"Bicycle, Bicycle, You Are My Bicycle" by Be Your Own Pet
This is one of my favorite songs of all time and I listened to it nonstop when I was writing the book. It seemed like a modern version of what the Fang family would have listened to in their early years. Jamin Orrall, who was the lead singer for Be Your Own Pet, would be the daughter the Fangs wished they'd had.
"Rites of Death" by Antestor
For writing, sometimes I want something hypnotic so that it fades into the background and other times I want something jangly and strange to make the writing weird, and then sometimes I just want to listen to black metal and let the propulsive nature of the music push me through the pages. I kind of wish I'd made the entire Fang family fans of black metal.
"Relief" by Sam Amidon
I heard Sam Amidon perform this song live at Joe's Pub in New York City and I thought the way he interpreted this R Kelly song was incredibly joyful and beautiful and perfect. During the revision process of the novel, I listened to this song, on a loop, for hours and hours at a time. I felt like I was in a trance.
"Hayride" by The Saturday Morning Cartoon Show
My parents owned this 7" and it was one of the first songs that I truly loved. It is still my favorite song. I found an mp3 version at some point and I listen to it a lot when my writing isn't going so well. It's such a bizarre song. It opens with a kazoo-like cacophony and then, despite the fact that the band's name is The Saturday Morning Cartoon Show, is about nothing but the lead singer trying to coax someone to go on a hayride with him and have sex…during the hayride. As if this will help the listener make up their mind, he says that "my momma said you would love it," referring to the hayride, I am hoping. It's a basic bubblegum pop song, but the weirdness of it, wrapped in the unthreatening music, is just amazing.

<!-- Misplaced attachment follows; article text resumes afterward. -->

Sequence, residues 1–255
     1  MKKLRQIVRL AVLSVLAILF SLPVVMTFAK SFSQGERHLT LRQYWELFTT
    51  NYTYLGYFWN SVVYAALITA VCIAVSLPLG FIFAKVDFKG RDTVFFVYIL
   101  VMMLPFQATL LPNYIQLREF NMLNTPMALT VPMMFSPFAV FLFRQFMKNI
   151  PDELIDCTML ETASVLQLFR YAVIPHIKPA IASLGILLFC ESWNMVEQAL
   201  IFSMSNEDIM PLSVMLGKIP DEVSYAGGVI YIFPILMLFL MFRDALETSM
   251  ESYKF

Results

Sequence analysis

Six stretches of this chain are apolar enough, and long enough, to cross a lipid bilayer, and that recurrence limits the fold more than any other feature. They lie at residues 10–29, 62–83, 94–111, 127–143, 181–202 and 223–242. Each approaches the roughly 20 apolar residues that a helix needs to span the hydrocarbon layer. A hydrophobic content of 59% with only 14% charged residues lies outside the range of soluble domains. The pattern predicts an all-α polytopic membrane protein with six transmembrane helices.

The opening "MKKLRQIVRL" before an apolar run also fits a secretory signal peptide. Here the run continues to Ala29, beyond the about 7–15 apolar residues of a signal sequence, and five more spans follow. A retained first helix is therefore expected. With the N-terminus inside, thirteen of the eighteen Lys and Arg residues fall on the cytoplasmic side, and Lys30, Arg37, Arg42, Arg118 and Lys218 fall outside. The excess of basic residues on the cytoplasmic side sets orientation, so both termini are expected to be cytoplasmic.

Kevin Wilson and The Family Fang links:
Booking Mama review
Chicago Tribune review
Cleveland Plain Dealer review
Dallas Morning News review
Entertainment Weekly review
Fresh Air review
Kirkus Reviews review
New York Times review
Publishers Weekly review
Wall Street Journal review
Washington Post review
Author Talk interview with the author
Book Talk interview with the author
New York Times profile of the author
Nooga.com profile of the author
Pittsburgh Tribune-review profile of the author
The Shelf Life profile of the author
Speakeasy interview with the author
Talking with Tim interview with the author
Wild River Review interview with the author
also at Largehearted Boy:
other Book Notes playlists (authors create music playlists for their book)
52 Books, 52 Weeks (weekly book reviews)
Antiheroines (interviews with up and coming female comics artists)
Atomic Books Comics Preview (weekly comics highlights)
Daily Downloads (free and legal daily mp3 downloads)
guest book reviews
Largehearted Word (weekly new book highlights)
Note Books (musicians discuss literature)
Shorties (daily music, literature, and pop culture links)
Soundtracked (composers and directors discuss their film's soundtracks)
Try It Before You Buy It (mp3s and full album streams from the week's CD releases)
weekly music & DVD release lists